The appeal of the NFC championship game is obvious and delicious, but the deciding factor may be Samuel L. Jackson.
The MVP-quality shootout between quarterbacks Aaron Rodgers of Green Bay and Matt Ryan of Atlanta may be an historic playoff duel.
Both defenses are generous against the pass, and Rodgers and Ryan will shred them.
But when it comes down to critical factors determining the outcome, nobody’s considering the influence of Jackson.
Don’t discount him.
The NFC championship will be the final game at Atlanta’s Georgia Dome, to be demolished at the tender age of 25 and replaced by the $1.5 billion Mercedes-Benz Dome next door.
The energy in the condemned dome during the recent Falcons’ run of success has been unprecedented, and it felt influential as Atlanta dumped Seattle, 36-20, in the divisional round.
It reached its peak when the image of Jackson came on the big screen. He looked 20-feet tall, and with the backing of a gospel choir, the actor exhorted his favorite team and the fans to “Rise Up.”
Place goes nuts.
Rodgers and the Packers have played in tough places before, including last week’s divisional-round win at Dallas against the top-seeded Cowboys. He won’t be daunted by the noise.
But the effect it has on the Falcons seems obvious, and they’re playing with a style that suits coach Dan Quinn’s trademark: fast and physical.
This home-field energy is part of why the Falcons have been installed as four-point favorites in a battle between red-hot teams, either of which would be an able Super Bowl representative for the NFC.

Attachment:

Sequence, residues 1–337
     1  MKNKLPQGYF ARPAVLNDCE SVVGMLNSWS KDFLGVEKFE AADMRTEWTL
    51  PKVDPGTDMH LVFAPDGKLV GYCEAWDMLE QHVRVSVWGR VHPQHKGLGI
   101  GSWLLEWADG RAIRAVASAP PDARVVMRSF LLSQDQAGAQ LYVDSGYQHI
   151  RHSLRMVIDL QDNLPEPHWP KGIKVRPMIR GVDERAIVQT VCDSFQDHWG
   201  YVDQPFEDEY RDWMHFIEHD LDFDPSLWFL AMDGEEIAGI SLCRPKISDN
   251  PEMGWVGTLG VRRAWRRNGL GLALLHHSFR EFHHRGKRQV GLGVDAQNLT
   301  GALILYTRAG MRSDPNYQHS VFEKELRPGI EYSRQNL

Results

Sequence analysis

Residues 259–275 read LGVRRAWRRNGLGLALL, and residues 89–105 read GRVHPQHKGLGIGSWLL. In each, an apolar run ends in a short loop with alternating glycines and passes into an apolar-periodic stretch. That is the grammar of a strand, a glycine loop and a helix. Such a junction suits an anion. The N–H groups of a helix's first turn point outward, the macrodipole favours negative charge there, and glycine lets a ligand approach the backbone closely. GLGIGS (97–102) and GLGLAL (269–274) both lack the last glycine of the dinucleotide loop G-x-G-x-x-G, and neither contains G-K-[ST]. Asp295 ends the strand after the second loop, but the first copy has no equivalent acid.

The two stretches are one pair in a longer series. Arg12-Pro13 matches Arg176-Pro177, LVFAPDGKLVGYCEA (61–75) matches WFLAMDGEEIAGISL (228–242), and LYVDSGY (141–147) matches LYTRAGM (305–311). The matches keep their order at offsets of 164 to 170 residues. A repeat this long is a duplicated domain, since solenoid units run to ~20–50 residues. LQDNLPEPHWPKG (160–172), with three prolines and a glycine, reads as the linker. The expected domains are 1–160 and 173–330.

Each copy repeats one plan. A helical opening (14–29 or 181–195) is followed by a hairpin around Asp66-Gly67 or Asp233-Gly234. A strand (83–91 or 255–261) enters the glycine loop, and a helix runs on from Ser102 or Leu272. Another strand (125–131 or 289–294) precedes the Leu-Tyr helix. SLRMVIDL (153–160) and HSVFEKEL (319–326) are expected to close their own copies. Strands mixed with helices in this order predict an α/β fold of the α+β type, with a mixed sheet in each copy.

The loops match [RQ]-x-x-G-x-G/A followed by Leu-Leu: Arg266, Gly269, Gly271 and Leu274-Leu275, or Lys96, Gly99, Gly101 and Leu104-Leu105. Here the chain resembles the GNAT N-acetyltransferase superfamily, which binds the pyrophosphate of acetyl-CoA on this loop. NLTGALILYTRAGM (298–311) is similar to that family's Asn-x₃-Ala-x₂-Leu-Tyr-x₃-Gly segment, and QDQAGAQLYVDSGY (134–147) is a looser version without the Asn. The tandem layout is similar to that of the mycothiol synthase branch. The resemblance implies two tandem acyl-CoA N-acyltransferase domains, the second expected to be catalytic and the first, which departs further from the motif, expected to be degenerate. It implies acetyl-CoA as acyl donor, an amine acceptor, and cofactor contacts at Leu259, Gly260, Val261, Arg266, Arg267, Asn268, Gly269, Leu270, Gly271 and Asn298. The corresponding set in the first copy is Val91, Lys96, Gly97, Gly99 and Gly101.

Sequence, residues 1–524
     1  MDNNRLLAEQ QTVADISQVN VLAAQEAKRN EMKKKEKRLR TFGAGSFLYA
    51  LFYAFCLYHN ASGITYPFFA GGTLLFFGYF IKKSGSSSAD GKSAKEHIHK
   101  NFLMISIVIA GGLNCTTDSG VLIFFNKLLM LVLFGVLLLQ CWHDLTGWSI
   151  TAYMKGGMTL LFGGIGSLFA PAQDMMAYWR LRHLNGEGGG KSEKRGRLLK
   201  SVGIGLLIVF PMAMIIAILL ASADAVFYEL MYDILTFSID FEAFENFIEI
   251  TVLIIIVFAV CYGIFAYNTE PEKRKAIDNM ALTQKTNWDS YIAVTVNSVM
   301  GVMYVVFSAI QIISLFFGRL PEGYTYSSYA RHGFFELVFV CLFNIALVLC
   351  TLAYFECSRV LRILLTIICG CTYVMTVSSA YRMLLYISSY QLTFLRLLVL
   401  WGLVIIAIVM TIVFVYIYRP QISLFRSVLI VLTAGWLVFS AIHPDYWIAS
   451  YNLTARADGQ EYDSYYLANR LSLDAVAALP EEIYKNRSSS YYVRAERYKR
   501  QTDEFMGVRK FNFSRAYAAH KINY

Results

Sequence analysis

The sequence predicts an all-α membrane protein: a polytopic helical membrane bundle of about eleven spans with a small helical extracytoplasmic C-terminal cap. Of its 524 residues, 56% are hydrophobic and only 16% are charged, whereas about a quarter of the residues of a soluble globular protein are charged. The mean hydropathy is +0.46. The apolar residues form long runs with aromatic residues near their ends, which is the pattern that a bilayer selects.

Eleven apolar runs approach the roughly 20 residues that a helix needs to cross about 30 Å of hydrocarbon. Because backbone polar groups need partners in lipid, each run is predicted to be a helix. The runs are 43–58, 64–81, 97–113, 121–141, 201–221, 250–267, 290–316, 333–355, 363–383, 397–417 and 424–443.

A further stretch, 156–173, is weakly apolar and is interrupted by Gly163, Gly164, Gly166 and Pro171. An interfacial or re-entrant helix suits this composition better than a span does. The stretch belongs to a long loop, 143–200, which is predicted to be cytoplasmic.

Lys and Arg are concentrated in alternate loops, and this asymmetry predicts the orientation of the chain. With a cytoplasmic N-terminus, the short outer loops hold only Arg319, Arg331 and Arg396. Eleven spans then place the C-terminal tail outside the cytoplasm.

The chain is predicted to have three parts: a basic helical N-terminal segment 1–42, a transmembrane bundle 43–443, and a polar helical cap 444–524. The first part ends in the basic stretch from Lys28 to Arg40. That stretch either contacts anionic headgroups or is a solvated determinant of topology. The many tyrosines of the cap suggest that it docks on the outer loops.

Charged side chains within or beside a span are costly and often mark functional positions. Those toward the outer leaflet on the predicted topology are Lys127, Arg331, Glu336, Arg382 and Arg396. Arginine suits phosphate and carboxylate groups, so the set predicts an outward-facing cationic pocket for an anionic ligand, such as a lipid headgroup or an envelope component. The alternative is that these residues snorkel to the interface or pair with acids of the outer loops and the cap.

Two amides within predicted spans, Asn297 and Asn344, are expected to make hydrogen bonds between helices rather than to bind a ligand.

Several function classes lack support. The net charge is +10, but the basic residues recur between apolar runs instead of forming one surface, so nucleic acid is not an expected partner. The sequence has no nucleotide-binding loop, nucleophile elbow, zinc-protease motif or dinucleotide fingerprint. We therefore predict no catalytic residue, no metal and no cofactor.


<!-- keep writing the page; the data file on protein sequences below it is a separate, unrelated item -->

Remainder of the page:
I’ve seen both of these teams own the Seahawks recently on their home fields. Rodgers and Ryan absolutely tore the Seahawks apart and gobbled them up.
At Lambeau on Dec. 11, Rodgers threw for three touchdowns, with no interceptions, while completing 78 percent of his passes for a stunning 10.70 yards per attempt and a passer rating of 150.8.
Last weekend, Ryan had three TDs and no picks, with 70 percent completions and 10.76 yards per attempt. Ryan had three touchdown passes against the Hawks in their Seattle meeting on Oct. 16.
Both the Packers and Falcons are riding the kind of surges that often lead to the Super Bowl, with Rodgers on a self-declared mission of turning a slow start into an unblemished streak down the stretch, and Ryan seeking the kind of playoff success that could elevate him to the highest strata.
Back when the Packers were 4-6 after four straight defeats, Rodgers was catching grief. Despite the two NFL MVPs on his résumé, the reality was that he had the lowest completion percentage in the league.
He told reporters — in a message obviously intended for his teammates — that he fully expected the Packers to run the table, to win every game from that point. They have.
Rodgers’ outburst of 24 touchdowns and one interception, and his absurd ability for final-act dramatics, have placed him in the discussion for ranking among the coolest, most-lethal late-game quarterbacks ever.
Ryan’s résumé still has some holes, with only two playoff wins (both over Seattle) in his nine seasons.
In this game, though, Ryan likely will have more help than Rodgers since Packers receivers Jordy Nelson, Davante Adams and Geronimo Allison are each dealing with injuries that could sideline or at least slow them.
Ryan’s favored target, Julio Jones, aggravated a foot injury against the Seahawks last weekend, but is expected to play.
It is the Falcons’ running back tandem of Devonta Freeman and Tevin Coleman that could sway the outcome. The pair combined for rush/receiving yardage of nearly 2,500 yards this season.
Their threats, along with Ryan and Jones, give the Falcons attack a versatility and dimension that the Packers will be sorely challenged to match.
Rodgers can almost single-handedly make this game come down to the end. But I see the Falcons holding on, and the fans beginning an early demolition celebration at the Georgia Dome.